Here is a table showing the number of tiles on which each letter appears in a standard English Scrabble game. Note that the blank tiles can be used as any letter a player wants.

Jennifer and Pete are going to play Scrabble with their brand new Scrabble game. They have decided that in order to determine who will go first, they will each randomly select one letter, without replacement, from the bag containing all of the letter tiles except the 2 blank tiles. The person who selects a letter closest to A goes first (if they both draw the same letter they will draw again). Jennifer draws first and selects an E. What is the probability that Pete’s selection will result in Pete going first (without having to redraw)?

*There are 98 tiles that have letters printed on them, so after Jennifer selects her letter, Pete is left with 97 tiles to draw from. In order for Pete to go first, he must select an A, B, C or D. There are 9 + 2 + 2 + 4 = 17 such tiles. Thus, the probability that Pete will go first is ***17/97***.*

After determining who goes first, Jennifer and Pete each put their letter back in the bag, added the 2 blank tiles, and then shook the bag to mix the letters. Now each person will draw seven letters (drawing one letter at a time) to be used on their first turn. Pete selects his 7 letters first and ends up with 2 Es, 1 R, 1 H, 1 S, 1 K and 1 O. Now it is Jennifer’s turn to select 7 letters. What is the probability that the first letter Jennifer selects will be a vowel (A, E, I, O or U)? Express your answer as a common fraction.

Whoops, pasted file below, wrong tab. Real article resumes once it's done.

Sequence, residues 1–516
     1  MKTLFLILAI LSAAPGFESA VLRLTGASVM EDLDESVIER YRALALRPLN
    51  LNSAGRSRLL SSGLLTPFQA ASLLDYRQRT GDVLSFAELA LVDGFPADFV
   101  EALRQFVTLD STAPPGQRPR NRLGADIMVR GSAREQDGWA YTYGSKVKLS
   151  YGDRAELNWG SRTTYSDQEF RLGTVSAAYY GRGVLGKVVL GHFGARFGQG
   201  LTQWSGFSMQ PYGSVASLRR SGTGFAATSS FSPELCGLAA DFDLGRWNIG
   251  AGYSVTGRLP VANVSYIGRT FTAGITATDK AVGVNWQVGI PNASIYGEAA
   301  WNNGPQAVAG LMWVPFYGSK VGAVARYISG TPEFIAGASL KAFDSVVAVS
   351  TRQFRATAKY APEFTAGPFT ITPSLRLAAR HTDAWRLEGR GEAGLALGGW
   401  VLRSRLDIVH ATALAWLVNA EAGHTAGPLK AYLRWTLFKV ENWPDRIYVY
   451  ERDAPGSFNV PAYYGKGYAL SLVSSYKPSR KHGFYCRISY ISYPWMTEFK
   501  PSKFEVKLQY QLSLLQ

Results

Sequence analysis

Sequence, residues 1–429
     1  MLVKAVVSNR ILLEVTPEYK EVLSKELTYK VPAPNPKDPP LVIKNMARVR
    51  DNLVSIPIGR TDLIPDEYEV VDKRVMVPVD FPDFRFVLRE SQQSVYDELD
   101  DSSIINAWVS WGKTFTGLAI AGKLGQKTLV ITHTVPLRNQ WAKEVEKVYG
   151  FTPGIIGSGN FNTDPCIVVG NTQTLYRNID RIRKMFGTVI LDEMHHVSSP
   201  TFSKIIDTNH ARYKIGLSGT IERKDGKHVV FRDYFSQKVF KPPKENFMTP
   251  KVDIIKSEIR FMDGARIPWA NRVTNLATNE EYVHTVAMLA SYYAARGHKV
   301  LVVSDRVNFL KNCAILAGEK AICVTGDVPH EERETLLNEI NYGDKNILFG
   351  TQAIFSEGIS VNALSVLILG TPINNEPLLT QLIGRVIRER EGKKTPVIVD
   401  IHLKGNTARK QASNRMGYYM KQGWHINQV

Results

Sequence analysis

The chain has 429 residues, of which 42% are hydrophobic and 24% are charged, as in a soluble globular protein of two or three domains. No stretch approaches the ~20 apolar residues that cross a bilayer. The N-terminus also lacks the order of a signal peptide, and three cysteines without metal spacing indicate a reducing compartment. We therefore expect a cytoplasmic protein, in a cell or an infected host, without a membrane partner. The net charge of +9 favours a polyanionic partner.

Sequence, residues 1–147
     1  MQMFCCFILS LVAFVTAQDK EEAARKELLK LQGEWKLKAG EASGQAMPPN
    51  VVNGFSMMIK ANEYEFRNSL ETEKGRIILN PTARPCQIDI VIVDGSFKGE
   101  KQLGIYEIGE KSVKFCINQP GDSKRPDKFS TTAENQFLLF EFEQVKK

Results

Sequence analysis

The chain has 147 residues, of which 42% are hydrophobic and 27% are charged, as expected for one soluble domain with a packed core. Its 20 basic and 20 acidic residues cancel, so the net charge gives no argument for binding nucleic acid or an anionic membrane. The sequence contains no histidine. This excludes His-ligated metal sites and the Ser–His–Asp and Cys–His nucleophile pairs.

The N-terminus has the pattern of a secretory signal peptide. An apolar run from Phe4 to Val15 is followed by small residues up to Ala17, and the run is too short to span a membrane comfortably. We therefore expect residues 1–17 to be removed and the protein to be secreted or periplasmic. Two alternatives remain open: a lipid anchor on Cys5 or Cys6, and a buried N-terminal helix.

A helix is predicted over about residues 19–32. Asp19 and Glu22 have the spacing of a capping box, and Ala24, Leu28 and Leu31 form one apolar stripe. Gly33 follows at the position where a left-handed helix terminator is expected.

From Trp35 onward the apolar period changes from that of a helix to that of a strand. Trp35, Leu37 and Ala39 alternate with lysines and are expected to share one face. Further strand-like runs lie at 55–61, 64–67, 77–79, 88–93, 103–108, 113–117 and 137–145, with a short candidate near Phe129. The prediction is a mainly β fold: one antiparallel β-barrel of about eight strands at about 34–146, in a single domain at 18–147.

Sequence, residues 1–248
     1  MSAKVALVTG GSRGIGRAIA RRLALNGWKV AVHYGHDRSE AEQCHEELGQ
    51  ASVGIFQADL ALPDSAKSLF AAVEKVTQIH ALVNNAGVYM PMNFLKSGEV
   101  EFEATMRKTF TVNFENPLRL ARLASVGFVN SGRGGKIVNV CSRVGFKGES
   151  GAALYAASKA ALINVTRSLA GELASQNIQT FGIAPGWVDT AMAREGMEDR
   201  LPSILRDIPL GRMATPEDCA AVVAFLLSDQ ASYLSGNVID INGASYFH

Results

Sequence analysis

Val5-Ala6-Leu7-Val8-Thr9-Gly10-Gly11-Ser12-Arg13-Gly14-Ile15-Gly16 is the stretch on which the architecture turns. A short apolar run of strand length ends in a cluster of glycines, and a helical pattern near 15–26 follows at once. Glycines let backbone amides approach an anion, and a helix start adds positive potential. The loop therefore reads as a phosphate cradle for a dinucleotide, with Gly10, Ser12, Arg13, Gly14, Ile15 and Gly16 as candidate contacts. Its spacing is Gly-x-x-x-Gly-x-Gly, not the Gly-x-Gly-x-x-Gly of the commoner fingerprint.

*There are 100 tiles in the bag before anyone makes a selection, thus after Pete selects his 7 tiles, there are 93 tiles from which Jennifer gets to draw. Also, notice that there are 9 + 12 + 9 + 8 + 4 = 42 vowels when all of the tiles are in the bag, but since Pete drew 2 + 1 = 3 vowels, there are 42 – 3 = 39 vowels left in the bag when Jennifer goes to make her first draw. Thus, the probability of Jennifer drawing a vowel on her first draw is 39/93 = ***13/31***.*

Jennifer ended up drawing 1 A, 2 Is, 1 S, 1 D, 1 U and 1 N. If the 2 I tiles are indistinguishable, in how many distinct orders can the 7 tiles be placed on Jennifer’s letter tray?

*If each of the letter tiles were distinct, the number of orders would be 7! = 7 × 6 × 5 × 4 × 3 × 2 × 1 = 5040, since there would be seven distinct options for the first spot, leaving 6 distinct options for the second spot, and so on. However, in this case, there are 2 tiles that are the same. We can handle this issue by dividing 7! by 2, because half of the orders counted in 7! are due to the 2 identical Is swapping places. Thus, there are 7! ÷ 2 = ***2520 ***distinct orders.*

**♦ Page 1 of the linked PDF contains PROBLEMS & SOLUTIONS.**

**Page 2 contains ONLY PROBLEMS. ♦**